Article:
That question is a red herring, unrelated to the requested move.¢Spender1983 considers them to be related. I grant that the article now at Suspended deck bridge should be moved to Suspended-deck suspension bridge. The requested move however concerns moving Suspension bridge types to Suspension bridge. --Una Smith (talk) 02:37, 29 March 2009 (UTC)
Things were fine for years, just the way they were. The problems and confusion induced are not mine to solve. I suggest that things be reverted to the initial state. - Leonard G. (talk) 16:09, 29 March 2009 (UTC)

Hi. I want to thank you for the very considerable effort you are making to polish my Wikipedia contributions to a high gloss. So much attention, from you and from the others you have recruited, is all to the good. --Una Smith (talk) 04:30, 1 April 2009 (UTC)

An article you contributed to maybe deleted soon: Tools which can help you[edit]

Nice job on adding sources on Metropolitan Travel Survey Archive. This may also help:

Finding sources which mention the topic of this article is the very best way to avoid an article being deleted {{Findsources3}}:

Find sources for Metropolitan Travel Survey Archive: google news recent, google news old, google books, google scholar, NYT recent, NYT old, a9, msbooks, msacademic ...You can then cite these results in the Article for deletion discussion.

Also, there are several tools and helpful editors on Wikipedia who can help you:

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1. List the page on Article Rescue Squadron. You can get help listing your page on the Article Rescue Squadron talk page.
2. At any time, you can ask any administrator to move your article to a special page. (Called userfication)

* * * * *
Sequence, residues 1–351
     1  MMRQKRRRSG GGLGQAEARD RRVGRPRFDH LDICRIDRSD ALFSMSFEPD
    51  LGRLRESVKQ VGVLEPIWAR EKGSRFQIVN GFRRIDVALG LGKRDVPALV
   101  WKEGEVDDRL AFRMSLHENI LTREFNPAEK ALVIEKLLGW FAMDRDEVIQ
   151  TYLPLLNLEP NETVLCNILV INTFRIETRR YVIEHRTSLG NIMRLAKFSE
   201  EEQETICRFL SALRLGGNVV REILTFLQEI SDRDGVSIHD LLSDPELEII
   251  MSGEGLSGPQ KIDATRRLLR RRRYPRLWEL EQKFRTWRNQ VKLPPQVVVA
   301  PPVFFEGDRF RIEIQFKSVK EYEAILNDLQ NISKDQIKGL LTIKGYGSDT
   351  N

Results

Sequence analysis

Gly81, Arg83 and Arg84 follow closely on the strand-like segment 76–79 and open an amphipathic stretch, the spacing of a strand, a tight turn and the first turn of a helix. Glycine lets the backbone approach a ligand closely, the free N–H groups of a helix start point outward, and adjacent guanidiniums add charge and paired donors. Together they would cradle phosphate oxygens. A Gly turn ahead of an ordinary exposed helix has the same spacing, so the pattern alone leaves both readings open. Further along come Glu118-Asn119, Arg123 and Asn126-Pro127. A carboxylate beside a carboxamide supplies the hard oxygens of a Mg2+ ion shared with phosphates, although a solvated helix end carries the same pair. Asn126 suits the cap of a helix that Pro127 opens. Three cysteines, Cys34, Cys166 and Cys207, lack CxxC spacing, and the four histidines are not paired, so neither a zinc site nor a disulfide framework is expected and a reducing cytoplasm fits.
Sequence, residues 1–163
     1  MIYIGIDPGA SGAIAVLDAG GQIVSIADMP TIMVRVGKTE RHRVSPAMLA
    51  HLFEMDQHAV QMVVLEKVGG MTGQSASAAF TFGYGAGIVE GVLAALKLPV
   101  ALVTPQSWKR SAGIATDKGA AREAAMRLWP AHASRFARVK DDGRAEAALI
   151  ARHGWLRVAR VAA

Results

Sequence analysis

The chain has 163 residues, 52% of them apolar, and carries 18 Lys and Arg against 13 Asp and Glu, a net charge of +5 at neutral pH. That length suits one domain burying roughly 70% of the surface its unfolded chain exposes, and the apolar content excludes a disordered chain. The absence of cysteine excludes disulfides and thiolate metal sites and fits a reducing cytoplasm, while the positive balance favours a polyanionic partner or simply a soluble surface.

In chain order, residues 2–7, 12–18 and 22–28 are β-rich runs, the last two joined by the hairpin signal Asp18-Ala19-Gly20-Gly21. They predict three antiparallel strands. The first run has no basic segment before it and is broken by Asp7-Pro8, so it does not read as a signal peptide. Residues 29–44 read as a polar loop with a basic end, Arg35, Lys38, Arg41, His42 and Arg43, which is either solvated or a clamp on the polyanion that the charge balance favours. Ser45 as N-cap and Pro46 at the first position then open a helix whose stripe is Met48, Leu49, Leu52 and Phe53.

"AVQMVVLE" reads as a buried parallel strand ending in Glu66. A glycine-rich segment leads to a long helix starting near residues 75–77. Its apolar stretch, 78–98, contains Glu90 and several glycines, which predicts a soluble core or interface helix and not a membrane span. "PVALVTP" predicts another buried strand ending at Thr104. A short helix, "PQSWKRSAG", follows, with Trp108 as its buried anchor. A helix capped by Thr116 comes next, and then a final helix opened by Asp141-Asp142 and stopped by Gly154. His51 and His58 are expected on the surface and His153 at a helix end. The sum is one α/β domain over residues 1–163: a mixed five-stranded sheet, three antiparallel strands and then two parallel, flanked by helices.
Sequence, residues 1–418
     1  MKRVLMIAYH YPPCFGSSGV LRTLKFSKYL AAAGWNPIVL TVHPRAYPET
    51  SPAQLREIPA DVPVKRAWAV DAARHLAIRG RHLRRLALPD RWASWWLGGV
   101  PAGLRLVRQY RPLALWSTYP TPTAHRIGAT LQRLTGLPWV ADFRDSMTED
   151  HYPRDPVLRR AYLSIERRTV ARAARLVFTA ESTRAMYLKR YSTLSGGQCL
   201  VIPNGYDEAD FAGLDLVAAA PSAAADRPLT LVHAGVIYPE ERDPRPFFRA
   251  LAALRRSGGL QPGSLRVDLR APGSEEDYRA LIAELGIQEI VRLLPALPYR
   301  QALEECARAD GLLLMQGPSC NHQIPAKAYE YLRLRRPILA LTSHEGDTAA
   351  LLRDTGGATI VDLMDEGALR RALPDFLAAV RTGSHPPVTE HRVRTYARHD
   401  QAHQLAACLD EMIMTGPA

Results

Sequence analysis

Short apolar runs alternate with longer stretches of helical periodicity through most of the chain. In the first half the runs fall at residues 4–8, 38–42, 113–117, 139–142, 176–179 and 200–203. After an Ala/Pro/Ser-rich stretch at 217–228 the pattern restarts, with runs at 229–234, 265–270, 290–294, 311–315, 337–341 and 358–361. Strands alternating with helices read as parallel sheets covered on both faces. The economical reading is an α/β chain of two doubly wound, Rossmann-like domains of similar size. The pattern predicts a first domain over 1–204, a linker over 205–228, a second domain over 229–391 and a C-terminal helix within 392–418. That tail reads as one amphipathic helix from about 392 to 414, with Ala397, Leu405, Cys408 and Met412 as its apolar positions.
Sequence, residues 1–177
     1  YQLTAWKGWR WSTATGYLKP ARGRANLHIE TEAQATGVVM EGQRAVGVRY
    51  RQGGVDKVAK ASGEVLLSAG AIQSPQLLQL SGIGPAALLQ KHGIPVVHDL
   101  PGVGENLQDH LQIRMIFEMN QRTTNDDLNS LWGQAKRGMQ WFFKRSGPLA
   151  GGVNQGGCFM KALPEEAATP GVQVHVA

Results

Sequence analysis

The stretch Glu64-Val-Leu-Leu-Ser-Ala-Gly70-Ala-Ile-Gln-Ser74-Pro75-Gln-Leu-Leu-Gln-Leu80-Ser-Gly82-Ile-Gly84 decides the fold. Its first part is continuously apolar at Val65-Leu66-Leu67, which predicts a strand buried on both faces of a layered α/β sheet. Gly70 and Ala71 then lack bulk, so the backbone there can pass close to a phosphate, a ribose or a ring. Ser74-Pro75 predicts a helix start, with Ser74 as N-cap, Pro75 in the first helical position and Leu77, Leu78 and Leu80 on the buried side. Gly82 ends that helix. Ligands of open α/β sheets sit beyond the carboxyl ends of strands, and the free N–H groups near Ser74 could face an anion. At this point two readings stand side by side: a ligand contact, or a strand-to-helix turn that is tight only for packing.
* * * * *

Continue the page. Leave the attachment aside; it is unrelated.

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3. You can request a mentor to help you: Wikipedia:Adopt-a-User. But don't wait for a mentor to respond to you before responding on the article for deletion page.
4. When trying to delete a page, veteran editors love to use a lot of rule acronyms. These acronyms don't need to intimidate you. Here is a list of acronyms you can use yourself: Deletion debate acronyms, which will help you argue that the article should be kept.

If the page you edited is deleted, you also have many options available. Good luck! Ikip (talk) 15:00, 1 May 2009 (UTC)

Thanks for the reference[edit]

Thank you for the reference to the wonderful Popular Mechanics Sky Ride cover (not to mention your contribution to the discussion about the Sky Ride (talk)). I hadn't seen it before, and now it's my desktop background. Best regards. TransporterMan (talk) 14:33, 11 November 2009 (UTC)

Sky Ride Talk Page - Smoking Gun. Mea culpa and my apologies for putting you through the trouble. TRANSPORTERMAN (TALK) 16:57, 17 November 2009 (UTC)

Regarding the King post page.[edit]

Hi Penny, regarding the King post page. I have added a gallery in an attempt to clarify your sketch showing members in compression and tension. You are right of course but some people take a lot of convincing. Keep up the good work. Cheers Bill. billbeee (talk) 06:15, 19 November 2009 (UTC)

Edit at Truss bridge[edit]

You can't prove a negative. It's up to you to show that there is a sibling. - Denimadept (talk) 14:25, 30 May 2010 (UTC)